Night Time Photography

Have you ever stared up into the night sky, or seen a photo of the Milky Way, star trails or Aurora and wanted to know how they did that?  Well, I am going to give you a quick tutorial on set up, and gear to get you started on your way.


First of all, lets talk about the gear you will need, if you want to have crisp clear shots.


1.)  DSLR that you can put into Manual mode

2.)  A fast, wide angle lens (if you are using a crop sensor camera, like I do, 18mm is as big as you want.  11-14 mm is even better)  I use at least a lens with an F stop of 2.8.  Need a lot of light let into your camera in the dark of night.

3.)  Sturdy Tripod.  For long exposures, you HAVE to have a tripod that is not going to move even in a breeze.

4.)  Either a remote shutter release, an aftermarket intervalometer or a camera that has a built in intervalometer.  This is so you can release the shutter at specific intervals, without touching your camera and causing camera shake.

5.)  A couple of fully charged batteries.

6.)  Warm clothes, gloves, etc.. especially if you are shooting in the northern part of the world.  I also recommend a  thermos of hot beverages.

7.) A headlamp or good flashlight with fresh batteries.



So, to get started, you will need to find a location to shoot from in the dark.  Get out of the city, town, and away from any light pollution.  So, find a location with an interesting foreground, that is pitch black, or very low light in the distance.  I can tell you from experience, a sodium yard light 200 yards away can ruin a shot, turn everything blotchy and red colored.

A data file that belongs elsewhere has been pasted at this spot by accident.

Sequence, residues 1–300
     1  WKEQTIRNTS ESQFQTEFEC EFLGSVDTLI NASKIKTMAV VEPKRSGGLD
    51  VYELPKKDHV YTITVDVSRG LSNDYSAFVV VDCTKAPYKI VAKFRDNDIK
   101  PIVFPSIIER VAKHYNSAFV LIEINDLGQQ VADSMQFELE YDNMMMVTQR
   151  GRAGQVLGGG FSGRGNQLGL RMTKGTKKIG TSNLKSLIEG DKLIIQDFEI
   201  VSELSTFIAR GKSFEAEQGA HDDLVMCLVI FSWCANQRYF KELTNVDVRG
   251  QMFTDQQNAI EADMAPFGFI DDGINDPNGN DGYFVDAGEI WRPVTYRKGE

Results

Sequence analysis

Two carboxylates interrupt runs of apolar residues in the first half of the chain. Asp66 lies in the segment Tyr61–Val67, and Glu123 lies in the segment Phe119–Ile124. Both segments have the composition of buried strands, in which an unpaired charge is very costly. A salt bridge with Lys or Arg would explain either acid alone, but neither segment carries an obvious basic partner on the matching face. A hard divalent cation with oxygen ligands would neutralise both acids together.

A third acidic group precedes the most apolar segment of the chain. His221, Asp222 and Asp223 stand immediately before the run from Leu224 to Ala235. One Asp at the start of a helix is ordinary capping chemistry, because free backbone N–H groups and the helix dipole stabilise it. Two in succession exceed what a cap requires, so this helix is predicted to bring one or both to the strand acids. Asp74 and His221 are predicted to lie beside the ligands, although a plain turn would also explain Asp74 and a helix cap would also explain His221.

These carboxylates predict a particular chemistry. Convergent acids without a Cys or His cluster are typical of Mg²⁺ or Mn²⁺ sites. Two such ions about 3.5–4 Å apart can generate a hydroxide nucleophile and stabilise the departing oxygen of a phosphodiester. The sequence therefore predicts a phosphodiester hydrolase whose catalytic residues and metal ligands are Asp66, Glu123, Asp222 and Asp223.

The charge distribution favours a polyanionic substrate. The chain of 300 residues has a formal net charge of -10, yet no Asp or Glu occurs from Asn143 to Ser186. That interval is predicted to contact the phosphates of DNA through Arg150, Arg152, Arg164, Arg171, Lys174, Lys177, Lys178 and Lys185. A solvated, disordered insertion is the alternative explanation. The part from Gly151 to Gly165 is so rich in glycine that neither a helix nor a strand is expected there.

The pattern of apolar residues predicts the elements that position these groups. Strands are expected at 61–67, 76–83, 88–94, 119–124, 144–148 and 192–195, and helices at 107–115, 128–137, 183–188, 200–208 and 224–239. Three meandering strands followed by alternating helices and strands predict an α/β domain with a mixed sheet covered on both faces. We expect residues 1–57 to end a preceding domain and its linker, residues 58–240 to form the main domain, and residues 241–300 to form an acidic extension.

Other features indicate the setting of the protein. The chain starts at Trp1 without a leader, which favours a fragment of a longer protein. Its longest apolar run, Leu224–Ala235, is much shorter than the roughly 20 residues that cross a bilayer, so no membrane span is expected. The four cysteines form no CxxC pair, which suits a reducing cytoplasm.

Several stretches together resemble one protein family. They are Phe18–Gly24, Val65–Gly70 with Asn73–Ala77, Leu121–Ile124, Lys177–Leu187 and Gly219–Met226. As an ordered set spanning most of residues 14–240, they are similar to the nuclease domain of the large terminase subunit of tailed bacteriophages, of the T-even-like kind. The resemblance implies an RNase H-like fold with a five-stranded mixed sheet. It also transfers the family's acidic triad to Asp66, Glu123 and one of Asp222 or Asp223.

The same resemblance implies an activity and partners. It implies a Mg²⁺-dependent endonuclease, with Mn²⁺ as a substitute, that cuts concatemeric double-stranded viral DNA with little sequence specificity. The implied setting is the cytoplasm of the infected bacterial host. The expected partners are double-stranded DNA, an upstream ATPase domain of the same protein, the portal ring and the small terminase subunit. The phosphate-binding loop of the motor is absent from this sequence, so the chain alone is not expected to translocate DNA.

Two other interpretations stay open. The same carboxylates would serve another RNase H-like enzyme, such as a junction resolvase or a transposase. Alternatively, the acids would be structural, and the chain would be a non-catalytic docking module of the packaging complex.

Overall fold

So, lets assume, you have a location to shoot your night skies.  Time to get busy.


Get your camera and lens, set the lens to manual focus, and turn off the IS if that is a feature on your lens. 

Make sure your in camera Noise Reduction setting is turned OFF!  this will slow down your camera, make your shots look terrible and burn up battery life.

Set your camera to the LOWEST F stop you have.. F2.8 or lower if available.

Set your ISO to 1600-2000

Set your exposure time.   Crop sensor cameras using 18mm or bigger can not go slower than 15 sec. or the stars will blur from them moving in the shot.  If you have a full frame camera or a lens smaller than 18mm, you can drop your shutter speed down to 25 sec. if you wish, and lower your ISO if it is to bright.

Turn on "Live View" on the back of your camera.  Find a distant light, or super bright star and MANUALLY focus on that light.  I mark my infinity focus on my wide angle, for easy adjustments.

Attach your camera to the tripod and set up your shot.  You may want it low to the ground, or higher up, depending on what your trying to accomplish.

Attach your remote shutter release, aftermarket intervalometer, or turn on your built in camera intervalometer.

Take a test shot.  (make sure your camera is level, the horizon is level, your foreground subject is positioned correctly in the shot (if not move your camera), lighting is correct (shutter speed, ISO, etc...)  I usually end up taking 4 or 5 test shots before I commence shooting.

When you are happy with your test shot, set your intervalmeter to what you would like, or start shooting using your remote shutter.  Here is how I time mine.  I am set for 15 sec. exposures, I have a 5 sec. viewing time on the back of my camera.  When the photo disappears, I click the shutter again.


Sit back now, enjoy the stars, the milky way, the auroras as you sip on some hot coffee or ? 


1 piece of crucial advise when shooting with other photographers nearby.... CONTROL WHERE YOUR FLASHLIGHT SHINES!!!!  Nothing is more aggravating, than someone just letting the light of their headlamp or flashlight just go everywhere and ruin your shots.....